Inside Story

Polls and preferences: the new challenge for election watchers

Elections in Victoria and Queensland have caught the pollsters wrong-footed, writes Tim Colebatch. Are unexpected preference flows making Australian elections harder to predict?

Tim Colebatch 24 February 2015 1065 words

Will NSW voters use their preferences to reward or punish premier Mike Baird next month? The premier is shown here with federal treasurer Joe Hockey at the site of stage 2 of the WestConnex motorway project in Sydney, on 15 September last year. Paul Miller/AAP Image

Between now and the federal election, due late next year, dozens of polls will be thrust on us. For the next month, a deluge of them will come from New South Wales. But we’ve got a problem: we can’t be sure they are right any more.

We saw that dramatically illustrated in the Queensland election result. Apart from Morgan, the pollsters predicted the two-party-preferred vote would be LNP 52 per cent, Labor 48 per cent. The actual outcome, on Antony Green’s estimate, was very different: LNP 49, Labor 51.

As Peter Brent explained in Inside Story immediately after the election, this wasn’t because the pollsters got their polling wrong: Queenslanders voted exactly as they had told the final Galaxy Poll they would.

So what went wrong? The pollsters tripped themselves up by assuming that preferences would flow as they had at the last Queensland election in 2012. In fact, the preference flows this time were very different, as this summary shows:

2012 Queensland election
Preferences to Labor – 27%
Preferences to the LNP – 22%
Preferences exhausted – 51%

2015 Queensland election
Preferences to Labor – 48%
Preferences to the LNP – 16%
Preferences exhausted – 36%

Why? One reason is that Queensland, like New South Wales and the Australian Capital Territory, has made preferences optional. This means the polls in those states now include two unknowns: how many voters will cast preferences, and whom they will flow to.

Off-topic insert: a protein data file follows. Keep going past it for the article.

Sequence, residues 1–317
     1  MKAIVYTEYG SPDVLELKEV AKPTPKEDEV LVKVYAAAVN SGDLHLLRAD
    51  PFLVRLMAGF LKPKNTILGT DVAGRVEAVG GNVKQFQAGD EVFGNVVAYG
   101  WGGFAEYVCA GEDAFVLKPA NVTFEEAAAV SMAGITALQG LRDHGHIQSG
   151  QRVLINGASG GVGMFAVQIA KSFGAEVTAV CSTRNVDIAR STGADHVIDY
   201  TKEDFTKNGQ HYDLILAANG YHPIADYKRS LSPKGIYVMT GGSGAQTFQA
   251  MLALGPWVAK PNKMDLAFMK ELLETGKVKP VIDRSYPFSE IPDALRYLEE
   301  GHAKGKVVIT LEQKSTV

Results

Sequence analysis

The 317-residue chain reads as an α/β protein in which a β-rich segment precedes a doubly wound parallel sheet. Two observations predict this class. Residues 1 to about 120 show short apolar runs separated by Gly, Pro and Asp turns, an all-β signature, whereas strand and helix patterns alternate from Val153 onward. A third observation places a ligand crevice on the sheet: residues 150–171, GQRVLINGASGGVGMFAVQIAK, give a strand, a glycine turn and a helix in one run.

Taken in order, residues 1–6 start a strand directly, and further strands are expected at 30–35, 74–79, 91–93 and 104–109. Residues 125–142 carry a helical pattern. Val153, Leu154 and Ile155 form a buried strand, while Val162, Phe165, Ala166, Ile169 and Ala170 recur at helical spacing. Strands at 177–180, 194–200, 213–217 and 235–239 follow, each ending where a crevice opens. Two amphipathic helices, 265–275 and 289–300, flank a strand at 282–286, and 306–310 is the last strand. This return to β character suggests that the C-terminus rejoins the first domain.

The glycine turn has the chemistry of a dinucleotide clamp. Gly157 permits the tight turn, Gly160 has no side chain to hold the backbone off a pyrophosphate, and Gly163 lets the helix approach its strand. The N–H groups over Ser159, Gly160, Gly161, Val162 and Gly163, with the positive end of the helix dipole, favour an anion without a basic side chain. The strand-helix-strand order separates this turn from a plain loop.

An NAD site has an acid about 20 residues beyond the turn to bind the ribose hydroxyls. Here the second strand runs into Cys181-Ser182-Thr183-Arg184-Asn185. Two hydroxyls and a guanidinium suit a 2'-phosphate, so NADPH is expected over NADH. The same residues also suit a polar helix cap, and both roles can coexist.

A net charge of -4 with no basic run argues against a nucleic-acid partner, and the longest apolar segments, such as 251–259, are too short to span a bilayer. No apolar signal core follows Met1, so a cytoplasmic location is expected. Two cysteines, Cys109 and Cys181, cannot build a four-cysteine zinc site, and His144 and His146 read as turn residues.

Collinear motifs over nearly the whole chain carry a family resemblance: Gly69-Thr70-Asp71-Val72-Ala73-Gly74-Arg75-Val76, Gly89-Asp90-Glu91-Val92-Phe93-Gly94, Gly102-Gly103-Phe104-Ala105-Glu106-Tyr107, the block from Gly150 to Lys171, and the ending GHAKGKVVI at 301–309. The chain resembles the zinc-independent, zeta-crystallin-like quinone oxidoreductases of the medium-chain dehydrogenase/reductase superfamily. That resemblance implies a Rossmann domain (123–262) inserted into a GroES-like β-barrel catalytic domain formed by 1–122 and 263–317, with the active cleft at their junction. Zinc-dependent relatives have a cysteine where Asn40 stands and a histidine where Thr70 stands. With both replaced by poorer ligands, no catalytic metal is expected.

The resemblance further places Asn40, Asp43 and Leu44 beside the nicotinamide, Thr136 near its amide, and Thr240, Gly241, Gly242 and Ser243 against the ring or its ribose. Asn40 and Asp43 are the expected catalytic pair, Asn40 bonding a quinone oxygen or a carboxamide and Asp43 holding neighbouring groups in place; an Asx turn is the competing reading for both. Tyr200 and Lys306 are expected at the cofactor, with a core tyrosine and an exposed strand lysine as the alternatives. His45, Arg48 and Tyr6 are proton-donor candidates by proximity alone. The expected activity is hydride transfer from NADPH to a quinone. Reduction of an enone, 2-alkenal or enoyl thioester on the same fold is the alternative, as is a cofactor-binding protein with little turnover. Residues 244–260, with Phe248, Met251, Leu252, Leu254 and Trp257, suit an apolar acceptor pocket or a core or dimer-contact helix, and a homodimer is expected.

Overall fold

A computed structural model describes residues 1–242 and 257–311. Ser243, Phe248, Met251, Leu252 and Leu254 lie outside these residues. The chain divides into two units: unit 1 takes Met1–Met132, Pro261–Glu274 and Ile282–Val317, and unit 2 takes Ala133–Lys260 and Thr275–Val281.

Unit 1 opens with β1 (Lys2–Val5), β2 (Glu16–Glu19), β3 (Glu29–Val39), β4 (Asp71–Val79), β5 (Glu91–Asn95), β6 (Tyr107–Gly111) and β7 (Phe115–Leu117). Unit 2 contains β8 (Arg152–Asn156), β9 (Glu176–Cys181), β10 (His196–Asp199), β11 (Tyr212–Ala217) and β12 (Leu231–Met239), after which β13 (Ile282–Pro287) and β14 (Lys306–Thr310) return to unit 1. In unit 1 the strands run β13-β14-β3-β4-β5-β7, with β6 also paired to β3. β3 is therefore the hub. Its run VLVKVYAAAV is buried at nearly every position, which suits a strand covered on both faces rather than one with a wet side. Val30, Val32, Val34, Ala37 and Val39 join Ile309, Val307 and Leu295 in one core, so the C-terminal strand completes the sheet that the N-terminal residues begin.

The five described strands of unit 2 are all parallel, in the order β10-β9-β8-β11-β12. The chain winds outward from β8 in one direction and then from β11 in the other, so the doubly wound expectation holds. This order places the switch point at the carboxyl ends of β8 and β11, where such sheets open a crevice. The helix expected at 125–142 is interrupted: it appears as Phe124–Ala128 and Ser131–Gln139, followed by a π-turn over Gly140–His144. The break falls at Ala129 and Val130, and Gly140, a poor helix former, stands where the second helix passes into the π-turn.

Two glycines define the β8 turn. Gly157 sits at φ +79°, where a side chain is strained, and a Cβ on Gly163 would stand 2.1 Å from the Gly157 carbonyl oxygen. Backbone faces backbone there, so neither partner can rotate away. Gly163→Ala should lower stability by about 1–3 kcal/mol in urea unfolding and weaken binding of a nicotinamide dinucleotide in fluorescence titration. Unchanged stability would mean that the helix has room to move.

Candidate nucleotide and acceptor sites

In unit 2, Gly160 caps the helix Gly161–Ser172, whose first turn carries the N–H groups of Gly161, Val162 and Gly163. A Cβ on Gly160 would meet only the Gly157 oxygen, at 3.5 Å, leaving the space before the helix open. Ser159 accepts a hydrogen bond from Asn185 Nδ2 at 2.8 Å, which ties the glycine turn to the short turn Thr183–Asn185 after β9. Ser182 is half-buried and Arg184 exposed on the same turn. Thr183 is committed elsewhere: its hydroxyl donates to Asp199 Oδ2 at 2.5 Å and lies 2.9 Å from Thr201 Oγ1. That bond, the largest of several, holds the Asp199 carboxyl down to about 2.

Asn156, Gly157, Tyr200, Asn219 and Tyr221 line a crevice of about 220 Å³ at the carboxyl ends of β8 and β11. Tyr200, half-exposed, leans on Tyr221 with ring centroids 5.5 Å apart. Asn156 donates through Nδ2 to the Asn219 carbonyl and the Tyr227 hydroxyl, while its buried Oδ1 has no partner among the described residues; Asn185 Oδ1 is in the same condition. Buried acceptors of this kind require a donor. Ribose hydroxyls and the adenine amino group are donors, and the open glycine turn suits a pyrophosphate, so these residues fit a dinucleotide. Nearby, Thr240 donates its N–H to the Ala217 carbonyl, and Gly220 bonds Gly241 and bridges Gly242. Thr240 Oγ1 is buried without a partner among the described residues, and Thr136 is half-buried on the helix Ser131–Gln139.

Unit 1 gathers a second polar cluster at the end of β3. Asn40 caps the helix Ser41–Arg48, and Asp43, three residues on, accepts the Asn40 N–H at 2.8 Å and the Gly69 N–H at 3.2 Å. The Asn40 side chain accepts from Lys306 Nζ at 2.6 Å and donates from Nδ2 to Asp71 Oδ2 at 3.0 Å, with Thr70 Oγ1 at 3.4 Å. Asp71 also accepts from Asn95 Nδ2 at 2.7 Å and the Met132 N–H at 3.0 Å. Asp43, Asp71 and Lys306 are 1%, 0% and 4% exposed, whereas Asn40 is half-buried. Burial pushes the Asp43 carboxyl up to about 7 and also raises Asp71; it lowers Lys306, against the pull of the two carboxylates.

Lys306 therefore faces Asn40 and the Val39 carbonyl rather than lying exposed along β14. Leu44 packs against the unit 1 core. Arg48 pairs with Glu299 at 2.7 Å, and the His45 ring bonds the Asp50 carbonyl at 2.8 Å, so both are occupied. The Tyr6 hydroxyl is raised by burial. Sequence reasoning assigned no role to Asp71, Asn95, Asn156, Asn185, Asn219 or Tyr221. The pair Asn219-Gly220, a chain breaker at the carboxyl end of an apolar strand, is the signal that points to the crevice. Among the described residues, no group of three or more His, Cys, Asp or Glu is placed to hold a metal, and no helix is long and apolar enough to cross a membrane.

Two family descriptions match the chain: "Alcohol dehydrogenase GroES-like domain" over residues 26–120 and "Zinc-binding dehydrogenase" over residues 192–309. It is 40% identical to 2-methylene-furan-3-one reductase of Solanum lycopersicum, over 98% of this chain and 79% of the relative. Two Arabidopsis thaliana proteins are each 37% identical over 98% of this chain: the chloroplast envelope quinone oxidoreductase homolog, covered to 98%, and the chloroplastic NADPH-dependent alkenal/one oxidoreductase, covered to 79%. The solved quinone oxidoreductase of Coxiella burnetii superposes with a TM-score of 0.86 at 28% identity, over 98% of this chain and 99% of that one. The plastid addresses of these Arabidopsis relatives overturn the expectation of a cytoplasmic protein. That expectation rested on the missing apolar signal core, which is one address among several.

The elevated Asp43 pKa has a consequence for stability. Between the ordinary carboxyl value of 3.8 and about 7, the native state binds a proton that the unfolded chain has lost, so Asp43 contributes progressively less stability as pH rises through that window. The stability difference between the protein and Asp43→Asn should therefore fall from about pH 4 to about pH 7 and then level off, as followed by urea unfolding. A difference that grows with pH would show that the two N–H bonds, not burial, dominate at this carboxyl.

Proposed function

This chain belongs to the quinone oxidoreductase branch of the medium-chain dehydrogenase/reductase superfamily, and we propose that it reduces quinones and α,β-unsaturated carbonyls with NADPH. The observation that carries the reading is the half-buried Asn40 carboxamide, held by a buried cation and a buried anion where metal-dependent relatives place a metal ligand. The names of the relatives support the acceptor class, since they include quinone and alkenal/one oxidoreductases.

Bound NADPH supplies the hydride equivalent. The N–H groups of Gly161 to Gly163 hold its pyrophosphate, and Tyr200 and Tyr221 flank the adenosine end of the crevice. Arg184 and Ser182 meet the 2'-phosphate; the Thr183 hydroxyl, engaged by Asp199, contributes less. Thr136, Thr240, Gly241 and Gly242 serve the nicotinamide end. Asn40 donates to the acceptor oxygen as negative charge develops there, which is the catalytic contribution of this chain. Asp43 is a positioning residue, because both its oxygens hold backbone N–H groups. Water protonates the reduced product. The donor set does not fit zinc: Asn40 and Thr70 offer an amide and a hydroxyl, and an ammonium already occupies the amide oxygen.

In 2012, the plague-on-both-your-houses voters mostly sat on the fence. This time, hostility to the Newman government saw a huge shift of second preferences to Labor, enough to give it an extra 3 per cent of the vote.

A second factor, as Green explains, was unique to Queensland. In 2012, the biggest minor party was Katter’s Australia Party, which didn’t allocate preferences. This time, the Katter party stood in only eleven seats, and its share of the vote slid from 11.5 per cent to just 1.9 per cent. In 2015 the Greens were the biggest minor party, with 8.4 per cent, and their preferences flowed strongly to Labor.

If you tell a pollster you plan to vote for a minor party or independent, he or she will always ask you which way your preferences will go. But in recent times, most have just filed away that information, and instead used the actual preference distributions from the previous election. That’s because, at some elections, it had proved to be a better guide.

Not any more: this was the second election in ten weeks where the old rule had been overturned. In Victoria, the Fairfax Ipsos poll in the Age correctly predicted a Labor victory by 52–48 in two-party terms – but only because it went back to the old system of using the voters’ stated preferences rather than those from the previous poll.